How to Plant, Grow, and Care for String of Pearls

The succulent known as string of pearls (Curio rowleyanus) is a lovely addition to your indoor or outdoor garden. Find out how to keep it happy year-round in this guide by gardening expert Rachel Garcia.

String of pearls


Because it looks so intriguing, you might think the succulent called string of pearls is hard to grow. Luckily, the opposite is true. String of pearls (Curio rowleyanus) is hardy, fast-growing, and a plant you’ll love.

A string of pearls plant is instantly recognizable by the bead-like leaves that trail down each stem. Nicknamed ‘pearls’, these leaves are plump and a lovely shade of light green. Like a string of beads, the stems are long, thin, and delicate with pea-sized leaves dappled along their length.

String of pearls makes a great houseplant and works beautifully in the garden too. Because it’s a sprawling plant, these succulents are ideal for hanging pots. Propagation is extremely simple, making it easy to increase your succulent collection.

In this article, we’ll cover everything you need to know about growing this simple yet beautiful plant.

Plant Overview

  • Plant Type: Succulent
  • Family: Asteraceae
  • Genus: Curio
  • Species: Curio rowleyanus (formerly Senecio rowleyanus)
  • Exposure: Bright indirect light
  • Height: 1-3′
  • Watering Requirements: Low
  • Maintenance: Low
  • Soil Type: Succulent mix

What is String of Pearls?

In the summer, string of pearls plants produce clusters of white blooms. The flowers are small and not very showy. However, they smell a bit like cinnamon – a fun and unique trait for a succulent.

String of pearls comes from South Africa, growing along the ground in the shade of other plants and preferring warm temperatures. It can be used as a succulent ground cover in shadier areas or grown indoors or on a patio as a houseplant.

However, if you plan on growing outdoors, the temperature should always be above 50°F. If you live in USDA Zones 9-11, you can grow string of pearls outdoors year-round. Otherwise, keep your plant indoors in a sunny spot.

While most string of beads are green in color, the ‘Variegata’ cultivar is a bit different. Each bead-like leaf features stripes of pale white. Unfortunately, this cultivar is difficult to find. But if you can find it, you’ll love it.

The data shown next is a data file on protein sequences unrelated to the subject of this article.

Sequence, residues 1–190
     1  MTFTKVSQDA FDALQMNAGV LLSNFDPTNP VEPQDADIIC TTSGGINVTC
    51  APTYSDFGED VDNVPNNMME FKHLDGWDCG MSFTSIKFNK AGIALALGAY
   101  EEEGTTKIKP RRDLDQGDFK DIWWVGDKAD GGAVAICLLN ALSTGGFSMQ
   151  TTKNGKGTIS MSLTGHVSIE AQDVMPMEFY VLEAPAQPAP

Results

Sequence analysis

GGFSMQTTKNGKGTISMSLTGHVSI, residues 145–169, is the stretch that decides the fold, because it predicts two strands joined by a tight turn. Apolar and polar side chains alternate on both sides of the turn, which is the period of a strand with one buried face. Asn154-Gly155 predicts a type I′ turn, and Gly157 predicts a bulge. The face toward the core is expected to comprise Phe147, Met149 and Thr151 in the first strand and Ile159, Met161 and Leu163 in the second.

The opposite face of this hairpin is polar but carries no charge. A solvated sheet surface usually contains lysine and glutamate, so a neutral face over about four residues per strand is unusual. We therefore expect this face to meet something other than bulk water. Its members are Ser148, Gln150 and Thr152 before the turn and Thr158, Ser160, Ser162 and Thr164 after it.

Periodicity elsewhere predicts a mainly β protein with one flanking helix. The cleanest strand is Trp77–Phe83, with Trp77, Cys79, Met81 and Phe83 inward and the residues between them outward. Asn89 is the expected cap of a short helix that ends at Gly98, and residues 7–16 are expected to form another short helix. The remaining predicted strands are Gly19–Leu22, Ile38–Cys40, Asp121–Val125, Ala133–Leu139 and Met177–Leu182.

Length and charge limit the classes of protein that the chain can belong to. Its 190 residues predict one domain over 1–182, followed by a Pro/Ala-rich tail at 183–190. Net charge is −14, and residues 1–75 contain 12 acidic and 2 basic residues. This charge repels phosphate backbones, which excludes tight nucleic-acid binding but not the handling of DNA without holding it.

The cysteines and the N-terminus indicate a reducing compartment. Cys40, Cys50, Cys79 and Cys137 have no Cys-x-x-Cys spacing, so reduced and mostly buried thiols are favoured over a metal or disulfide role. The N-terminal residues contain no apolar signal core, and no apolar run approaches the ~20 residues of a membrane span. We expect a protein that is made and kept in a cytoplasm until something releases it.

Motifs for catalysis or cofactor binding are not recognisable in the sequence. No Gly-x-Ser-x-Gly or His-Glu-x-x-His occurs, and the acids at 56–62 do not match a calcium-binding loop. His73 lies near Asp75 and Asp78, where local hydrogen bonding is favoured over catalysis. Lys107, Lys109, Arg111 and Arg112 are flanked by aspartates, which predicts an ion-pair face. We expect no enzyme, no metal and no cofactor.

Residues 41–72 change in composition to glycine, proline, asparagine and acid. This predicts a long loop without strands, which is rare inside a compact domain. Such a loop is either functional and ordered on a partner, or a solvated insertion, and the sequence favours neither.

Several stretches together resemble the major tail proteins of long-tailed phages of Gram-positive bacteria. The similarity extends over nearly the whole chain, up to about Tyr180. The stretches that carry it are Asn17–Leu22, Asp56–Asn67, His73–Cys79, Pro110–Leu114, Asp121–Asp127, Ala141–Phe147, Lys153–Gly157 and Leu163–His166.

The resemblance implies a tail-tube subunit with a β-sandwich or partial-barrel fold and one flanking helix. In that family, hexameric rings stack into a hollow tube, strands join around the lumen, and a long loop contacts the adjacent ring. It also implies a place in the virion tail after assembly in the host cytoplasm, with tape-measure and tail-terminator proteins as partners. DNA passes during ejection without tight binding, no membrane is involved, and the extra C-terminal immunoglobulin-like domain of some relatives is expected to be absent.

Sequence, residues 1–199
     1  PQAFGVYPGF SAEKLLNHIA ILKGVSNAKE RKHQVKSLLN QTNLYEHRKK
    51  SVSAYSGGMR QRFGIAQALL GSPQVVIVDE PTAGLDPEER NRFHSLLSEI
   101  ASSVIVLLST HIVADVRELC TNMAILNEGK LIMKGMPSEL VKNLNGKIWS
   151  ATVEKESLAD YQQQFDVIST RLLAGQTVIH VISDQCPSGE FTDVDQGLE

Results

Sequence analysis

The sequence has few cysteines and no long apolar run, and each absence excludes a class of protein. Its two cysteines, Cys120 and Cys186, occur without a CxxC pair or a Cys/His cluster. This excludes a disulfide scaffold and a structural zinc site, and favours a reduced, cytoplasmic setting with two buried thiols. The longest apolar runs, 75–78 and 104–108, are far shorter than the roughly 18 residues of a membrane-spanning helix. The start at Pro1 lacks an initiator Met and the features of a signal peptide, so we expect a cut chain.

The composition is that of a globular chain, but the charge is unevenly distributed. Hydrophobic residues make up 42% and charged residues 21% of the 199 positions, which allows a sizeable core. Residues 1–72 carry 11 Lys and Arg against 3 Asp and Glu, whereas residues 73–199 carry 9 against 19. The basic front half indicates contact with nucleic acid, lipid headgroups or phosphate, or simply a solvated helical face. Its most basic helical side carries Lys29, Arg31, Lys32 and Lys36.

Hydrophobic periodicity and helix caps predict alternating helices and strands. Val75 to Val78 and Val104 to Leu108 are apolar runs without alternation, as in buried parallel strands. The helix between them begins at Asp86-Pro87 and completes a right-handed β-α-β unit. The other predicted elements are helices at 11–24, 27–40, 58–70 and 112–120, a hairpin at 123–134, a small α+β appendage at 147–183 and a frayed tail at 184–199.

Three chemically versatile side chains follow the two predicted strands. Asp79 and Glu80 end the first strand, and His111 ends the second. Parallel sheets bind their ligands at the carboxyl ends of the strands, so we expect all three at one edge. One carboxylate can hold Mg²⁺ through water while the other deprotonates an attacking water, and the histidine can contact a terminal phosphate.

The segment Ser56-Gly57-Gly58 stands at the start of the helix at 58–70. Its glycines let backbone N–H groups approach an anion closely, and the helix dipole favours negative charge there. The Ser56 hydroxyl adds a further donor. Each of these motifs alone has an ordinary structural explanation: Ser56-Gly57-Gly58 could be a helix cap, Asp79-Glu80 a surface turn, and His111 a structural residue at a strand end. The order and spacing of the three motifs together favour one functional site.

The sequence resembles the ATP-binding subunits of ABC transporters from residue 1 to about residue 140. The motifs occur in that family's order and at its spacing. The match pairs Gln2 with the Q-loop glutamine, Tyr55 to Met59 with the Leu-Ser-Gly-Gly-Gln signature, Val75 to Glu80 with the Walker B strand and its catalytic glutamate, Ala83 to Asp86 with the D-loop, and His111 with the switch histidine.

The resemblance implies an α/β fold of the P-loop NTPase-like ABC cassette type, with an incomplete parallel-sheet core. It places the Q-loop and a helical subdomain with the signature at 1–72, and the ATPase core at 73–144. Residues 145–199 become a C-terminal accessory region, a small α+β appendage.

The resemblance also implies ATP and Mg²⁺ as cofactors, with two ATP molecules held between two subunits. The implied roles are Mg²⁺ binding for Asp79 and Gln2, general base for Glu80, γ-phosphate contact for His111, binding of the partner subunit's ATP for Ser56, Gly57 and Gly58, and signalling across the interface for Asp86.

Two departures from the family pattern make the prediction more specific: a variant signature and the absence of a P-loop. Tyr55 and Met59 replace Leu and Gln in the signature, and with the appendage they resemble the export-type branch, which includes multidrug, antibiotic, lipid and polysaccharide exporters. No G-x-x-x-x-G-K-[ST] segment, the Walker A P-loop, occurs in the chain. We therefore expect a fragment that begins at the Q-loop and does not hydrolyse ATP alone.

To successfully plant Curio rowleyanus, whether in the ground or in a pot, drainage is essential to prevent root rot, a common issue in these succulents.

Start by selecting an appropriate location or pot. Outdoors, choose a spot that receives bright, indirect sunlight for most of the day. Amend the soil with coarse sand or perlite to boost drainage and aeration, creating an environment similar to their natural habitat.

If you’re planting in a pot, opt for a container with ample drainage holes at the bottom. Fill the pot with a specialized cactus or succulent potting mix, or make your own by combining potting soil, coarse sand, and perlite.

Carefully remove the string of pearls from its current container, being gentle to avoid damaging the delicate leaves. Tease the roots lightly if they are densely packed or tangled. Position the plant in the prepared soil or potting mix.

The roots should be well-covered, but the pearls themselves draped over the edge of the pot or spread out on the surface of the soil. Water immediately after planting.

How to Grow

String of pearls plants are easy to grow, but that doesn’t mean they don’t require any care at all. In order for growing succulents to be easy, you have to understand what they need and why.


String of pearls grows best in indirect, bright light. It loves the sun, but can easily be sunburned, so avoid intense direct sun. Placing your plants a few feet away from the window should keep the direct sun off the pearl-shaped leaves while providing ample light.

Outdoors, look for a position with dappled sunlight, typically under the cover of trees or other plants. They can handle gentle direct sun, but will struggle in scorching heat.


Like most succulents, string of pearls stores water in the pearls to manage in times of drought. The best way to water is to soak the soil completely, then wait until it dries completely before watering again.

On average, you’ll give it water every other week. This will vary depending on the pot size and temperature in the area where your succulents grow. Indoor plants often don’t need water as much as those in a garden outside.

Overwatering is the biggest danger for your string of pearls, as it can lead to rot and bacterial growth. When overwatered, the plant may turn yellow and mushy, and the pearls on the stems will fall off easily.

Underwatering is a less frequent problem for string of pearls plants, but still something to look out for. If they don’t get enough water, the pearls will shrivel up or lose their plump look, and they might turn brown or black. Luckily, this is usually reversible if caught quickly. Just give your string of pearls a good drink of water and it should perk up.


Well-draining soil is a necessity for string of pearls. You can buy pre-made succulent potting soil at most garden stores and online. A good quality cactus and succulent soil can make the difference between healthy stems and a dying disaster.

It’s possible to DIY your potting soil, but be careful not to make it too rich. Many rich garden soils hold too much moisture around the plant’s roots. Stick with something that drains easily and which you can fertilize later.

Temperature & Humidity

String of pearls can’t survive frost or freezing temperatures. As true desert plants, they like to be warm. Be cautious of cold indoor drafts that could damage the stems.

If your home stays around 68°F all year (as many people’s homes do), that’s perfect for this houseplant. During the winter, when string of pearls slows growth, your indoor temperatures can drop as low as 50°F without damage.